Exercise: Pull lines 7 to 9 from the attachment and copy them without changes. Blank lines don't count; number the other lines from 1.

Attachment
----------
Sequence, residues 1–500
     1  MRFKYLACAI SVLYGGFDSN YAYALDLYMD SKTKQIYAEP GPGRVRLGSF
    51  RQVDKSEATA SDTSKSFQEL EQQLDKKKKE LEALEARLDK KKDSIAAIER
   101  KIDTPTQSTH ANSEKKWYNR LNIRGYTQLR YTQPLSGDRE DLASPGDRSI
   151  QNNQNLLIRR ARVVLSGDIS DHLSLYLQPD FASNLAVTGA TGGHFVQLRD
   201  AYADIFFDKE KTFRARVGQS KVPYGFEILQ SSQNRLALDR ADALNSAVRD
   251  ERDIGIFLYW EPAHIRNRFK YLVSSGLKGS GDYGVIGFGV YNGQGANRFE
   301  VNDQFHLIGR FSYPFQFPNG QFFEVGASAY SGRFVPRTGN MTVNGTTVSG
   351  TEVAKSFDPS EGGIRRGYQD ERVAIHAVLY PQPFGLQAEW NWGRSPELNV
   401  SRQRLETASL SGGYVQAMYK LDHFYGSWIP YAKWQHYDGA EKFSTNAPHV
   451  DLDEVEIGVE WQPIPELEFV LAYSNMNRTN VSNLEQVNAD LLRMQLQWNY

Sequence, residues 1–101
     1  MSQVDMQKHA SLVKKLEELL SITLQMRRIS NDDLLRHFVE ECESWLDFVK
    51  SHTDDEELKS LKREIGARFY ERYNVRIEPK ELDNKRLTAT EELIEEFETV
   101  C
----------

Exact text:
   251  ERDIGIFLYW EPAHIRNRFK YLVSSGLKGS GDYGVIGFGV YNGQGANRFE
   301  VNDQFHLIGR FSYPFQFPNG QFFEVGASAY SGRFVPRTGN MTVNGTTVSG
   351  TEVAKSFDPS EGGIRRGYQD ERVAIHAVLY PQPFGLQAEW NWGRSPELNV